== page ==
Cut a 15cm to 20cm long piece of panty hose (any colour will work). If your piece does not include a toe, then knot one end of the hose and turn it inside out.
Scoop 2 to 3 teaspoons of grass seed into the closed end. Fill the rest of the hose with potting mix (please wear a mask and gloves while doing this step) and then tie the hose closed. Use your hands to gently shape the ball into a head shape.
Place the head in a shallow dish with the grass seed side on top. Use craft pieces such as wiggly eyes, buttons, pompom balls, felt and chenille sticks to make eyes, a nose, mouth and arms. Attach these with craft glue.
After glue has dried, carefully water your new plant person until the soil is thoroughly moist and place in a warm location. Check on it daily to make sure soil stays moist (if it seems to dry out quickly you can keep a reservoir of water in your dish), and within 3 to 5 days your new plant person will begin to grow “hair.” Once the hair is established, youngsters can give him/her a hair cut or just let it grow and see how long it will get. If you have time and supplies, make more than one to create a whole family of plant people.
For Outdoors and Indoors: Pot Plant People
While on adding extra 'character' to your indoor and outdoor areas, these DIY Clay Pot Planter people are great for gardening and garden decorating, and work well in backyards that have stacked steps, benches or levels. You can design your own and together with the children for fun - they will love them and it gets them in contact with the Great Outdoors!
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Previous DIY Pages:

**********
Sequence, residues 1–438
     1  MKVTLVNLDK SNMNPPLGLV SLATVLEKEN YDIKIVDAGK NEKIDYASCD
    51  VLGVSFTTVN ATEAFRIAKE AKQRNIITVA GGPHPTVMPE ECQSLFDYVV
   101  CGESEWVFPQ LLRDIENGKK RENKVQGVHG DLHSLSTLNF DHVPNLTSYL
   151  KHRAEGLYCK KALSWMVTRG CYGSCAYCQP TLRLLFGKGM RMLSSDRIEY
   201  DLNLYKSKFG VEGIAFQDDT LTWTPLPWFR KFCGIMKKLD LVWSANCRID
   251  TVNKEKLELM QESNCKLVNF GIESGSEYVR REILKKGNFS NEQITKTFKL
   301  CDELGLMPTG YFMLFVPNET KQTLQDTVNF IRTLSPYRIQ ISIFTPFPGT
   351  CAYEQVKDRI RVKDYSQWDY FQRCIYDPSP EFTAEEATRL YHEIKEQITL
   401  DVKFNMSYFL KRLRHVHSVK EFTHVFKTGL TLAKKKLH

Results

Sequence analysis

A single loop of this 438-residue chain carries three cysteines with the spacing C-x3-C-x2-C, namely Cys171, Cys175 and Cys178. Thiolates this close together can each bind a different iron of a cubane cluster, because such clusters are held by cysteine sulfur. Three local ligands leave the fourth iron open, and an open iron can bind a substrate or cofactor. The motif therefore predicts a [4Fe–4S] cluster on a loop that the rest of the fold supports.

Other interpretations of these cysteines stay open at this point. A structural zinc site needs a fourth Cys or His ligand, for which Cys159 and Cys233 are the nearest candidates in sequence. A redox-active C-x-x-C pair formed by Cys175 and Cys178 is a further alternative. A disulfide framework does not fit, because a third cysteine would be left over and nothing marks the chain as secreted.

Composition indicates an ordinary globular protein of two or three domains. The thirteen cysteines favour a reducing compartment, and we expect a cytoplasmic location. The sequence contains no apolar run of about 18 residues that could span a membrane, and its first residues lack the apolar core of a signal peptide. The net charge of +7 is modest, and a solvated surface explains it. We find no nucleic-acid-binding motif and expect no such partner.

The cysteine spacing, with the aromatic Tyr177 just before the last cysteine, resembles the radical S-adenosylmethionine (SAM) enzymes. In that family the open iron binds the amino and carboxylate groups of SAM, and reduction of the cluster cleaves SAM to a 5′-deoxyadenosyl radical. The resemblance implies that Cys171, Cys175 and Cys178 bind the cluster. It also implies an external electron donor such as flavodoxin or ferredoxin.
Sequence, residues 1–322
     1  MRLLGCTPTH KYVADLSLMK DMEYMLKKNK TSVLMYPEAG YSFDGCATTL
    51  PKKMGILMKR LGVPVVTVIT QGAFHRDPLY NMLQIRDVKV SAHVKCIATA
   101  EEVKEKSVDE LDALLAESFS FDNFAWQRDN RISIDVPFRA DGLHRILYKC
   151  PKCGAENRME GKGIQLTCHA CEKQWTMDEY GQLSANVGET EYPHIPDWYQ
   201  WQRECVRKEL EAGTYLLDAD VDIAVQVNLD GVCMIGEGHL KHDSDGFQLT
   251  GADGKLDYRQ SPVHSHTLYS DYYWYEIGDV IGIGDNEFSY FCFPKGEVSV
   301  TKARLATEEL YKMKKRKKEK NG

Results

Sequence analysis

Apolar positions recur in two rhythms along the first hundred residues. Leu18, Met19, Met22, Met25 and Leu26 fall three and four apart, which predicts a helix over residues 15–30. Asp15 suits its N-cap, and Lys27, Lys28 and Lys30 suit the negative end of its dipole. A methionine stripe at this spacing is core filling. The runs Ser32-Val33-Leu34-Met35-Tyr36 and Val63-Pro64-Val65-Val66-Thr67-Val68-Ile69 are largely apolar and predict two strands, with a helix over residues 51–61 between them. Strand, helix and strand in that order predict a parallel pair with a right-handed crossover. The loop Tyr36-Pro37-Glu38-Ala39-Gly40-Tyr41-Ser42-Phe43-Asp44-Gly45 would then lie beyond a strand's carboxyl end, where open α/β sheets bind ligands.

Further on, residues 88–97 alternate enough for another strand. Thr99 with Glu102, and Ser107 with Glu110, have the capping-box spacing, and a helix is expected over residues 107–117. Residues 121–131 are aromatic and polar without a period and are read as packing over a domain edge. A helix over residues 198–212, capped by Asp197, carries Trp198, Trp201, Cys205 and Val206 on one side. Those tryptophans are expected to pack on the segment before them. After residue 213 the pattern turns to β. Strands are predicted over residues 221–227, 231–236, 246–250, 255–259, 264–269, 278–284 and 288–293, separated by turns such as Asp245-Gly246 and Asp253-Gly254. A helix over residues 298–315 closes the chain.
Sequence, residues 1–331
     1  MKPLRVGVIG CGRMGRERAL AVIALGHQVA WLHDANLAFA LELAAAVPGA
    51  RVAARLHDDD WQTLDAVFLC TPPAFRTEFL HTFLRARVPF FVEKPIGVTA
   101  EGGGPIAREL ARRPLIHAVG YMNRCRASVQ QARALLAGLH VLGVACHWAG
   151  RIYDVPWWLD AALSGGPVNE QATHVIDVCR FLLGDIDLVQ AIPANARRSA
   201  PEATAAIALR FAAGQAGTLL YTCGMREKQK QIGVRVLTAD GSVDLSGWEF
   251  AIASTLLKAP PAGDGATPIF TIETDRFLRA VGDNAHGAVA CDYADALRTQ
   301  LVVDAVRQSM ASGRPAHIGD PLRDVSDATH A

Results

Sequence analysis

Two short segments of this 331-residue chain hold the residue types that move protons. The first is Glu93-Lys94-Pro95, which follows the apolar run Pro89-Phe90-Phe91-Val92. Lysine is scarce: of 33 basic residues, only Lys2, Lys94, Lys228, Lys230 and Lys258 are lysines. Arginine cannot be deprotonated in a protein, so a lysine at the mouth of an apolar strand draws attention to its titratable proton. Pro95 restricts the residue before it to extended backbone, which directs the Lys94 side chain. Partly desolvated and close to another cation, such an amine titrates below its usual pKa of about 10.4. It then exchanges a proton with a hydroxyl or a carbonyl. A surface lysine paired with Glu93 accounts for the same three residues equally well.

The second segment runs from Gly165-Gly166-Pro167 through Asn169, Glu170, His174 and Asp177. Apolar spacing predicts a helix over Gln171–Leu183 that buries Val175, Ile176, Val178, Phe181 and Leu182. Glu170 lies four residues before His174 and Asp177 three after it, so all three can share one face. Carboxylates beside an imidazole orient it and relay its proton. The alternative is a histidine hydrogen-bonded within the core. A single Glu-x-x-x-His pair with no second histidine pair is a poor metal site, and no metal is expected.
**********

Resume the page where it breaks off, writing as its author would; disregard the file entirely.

Decking Timbers Caring For Your Deck Decking Finishes Privacy Screens I Privacy Screens II Privacy Screening Hardwoods Autumn Paths and Lawns Insulation Batts Plasterboard Ventilation - Edmond's Ecofan Blackboards for Children and Home Spring Lawn Care Shade Sails & Watering Basic DIY Tools DIY Tools - Power Drills Recycle Your Trampoline into An Air Bed How to Build Your Own Backyard Cricket Pitch Christmas Lights Displays around House and Garden Summer Mildew - Refresh, Renew How to Fix Things That Drip and Bump in the Night Time To Plant Winter Vegetables in a Raised Garden Beds Layout Organsing Your Tool Shed Make Your Own Weathervane Installing A Garden Watering System Decking Oils How To Make Garden Compost How To Winter proof Your Lawn How to create Shabby Chic effect on Timber Furniture How to Build Your Own Raised Garden Bed Growing Your Own Winter Vegies Winter Heating Guide Prepare Your Yard For Winter Eradicating Noxious Weeds From Your Yard How to Fix Furniture Finishes Part I How to Repair Scratches, Dings, and Dents of Furniture Surfaces - Part II Winter Draughts Fix Classic Wooden Tool Carrier Spring Garden Checklist Part I Install Your Own Skylight Retaining Walls for Saving Soil and New Spring Garden Beds Summer Salad Garden Native Plant Garden for A Fairy Arbour Renewing Short Flight of Exterior Stairs Deck Maintenance DIY Summer Tasks You Can Do In Time to Get to the Beach Garden Ponds for Attracting Birdlife, Dragonflies and for the Soothing Sounds of Water Salt Air: Maintenance and Protection Creating an Outdoor Dining Arbour, Gazebo or Patio - Part I Creating an Outdor Dining Arbour, Gazebo or Patio Part II Autumn Garden Tasks Autumn DIY Jobs: Waterproof Your Home Checklist Dealing With Dampness Inside the Home Fixing Your Fence Repairing and Replacing Damaged Decking boards DIY Toy Box and Snow Globes: School Holidays Fun - Winter 2015 DIY Wooden Toy Cars and Perfect Painted Flowerpots: School Holiday Fun - Winter 2015 Shoring Up an Under House Earth Bank – Installing a Basic Retaining Wall DIY One Shelf Sideboard Early Spring 2015 Garden Care Salad Garden For Children Keeping Your Garden and Home Cool in Hot Weather Classic Beach Garden and Camping Chairs 3 Portable Versions Anyone Can Make DIY Outdoor Furniture Mark I: Park Benches for Your Garden Make Your Own Scooter or Skateboard: Summer 2016 Fun How to Install a Solid Core Door and Door Furniture Summer Garden Jobs: Pruning A Hedge How to Make A Swing Chair - With A Frame for Garden Setting Garden Jobs for March to Make A Beautiful and Healthy Spring Keeping Outdoor Nooks Warm During Cooler Months Children’s Step Stool with Storage Stop Winter Rain Lawn Loss and Soil Erosion on Slopes DIY Garden Shed: Part 1 of 4 - Base DIY Garden Shed: Part 2 - Framing Walls DIY Garden Shed: Part 2b - Gable Roof Framing Garden Shed Part 3: Roof Installation DIY Garden Shed: Weather- boards - Door And Window Installation And Paint Finish DIY Coffee Table With Chessboard Inlay Spring Gardening: Feeding Your Soil And Plants - What Works For Each Plant DIY Sandstone Flagging Parking Area - Platform DIY Pre-Summer Checklist For A Safe Home Summer Spruce Up: Interior Paint Tips and Three easy steps to rejuvenate your timber deck The Perfect BBQ Garden Setting DIY Water Wise Garden DIY Side Gates DIY Storm Preparation And Home Protection One To Two Day DIY Weekend Spruce Ups Vegepods For Autumn Planting + Easy To Make Lego Table Or Student Desk That Can Be Dismantled + Johnson Brothers Mitre 10 Online Store Johnson Brothers Mitre 10 Great New Mona Vale Store: Still In Bassett Street - number 73 Johnson Brothers Mitre 10 New Mona Vale Store: The Greenlife Garden Centre Go Outside And Play: Creating Garden Spaces To Connect Children With Nature DIY Plasterboard Repair DIY Dolls House Or Garage Or Boatshed DIY Child's Waggon - or use as a large planter mover DIY Bathroom Refresh: Zing For Spring Tips for Growing a Native Garden FireCrunch, Australian Developed Fire-proof, Sustainable, Durable and Reliable Building Board Now Available at Johnson Bros. at Mona Vale and Narrabeen School Holidays DIY Ideas for Children: Little Vegetables Garden, Swing, Windchimes Bushfire Season Preparation 2017: Home and Outdoor Areas Johnson Brothers Mitre 10 Trade Centre at Mona Vale + Issue No 1 of Mitre 10’s inSITE Magazine for Tradies and Handymen Preparing Al Fresco Areas for Christmas Get-Togethers and Summer Visitors Summer De-bug; 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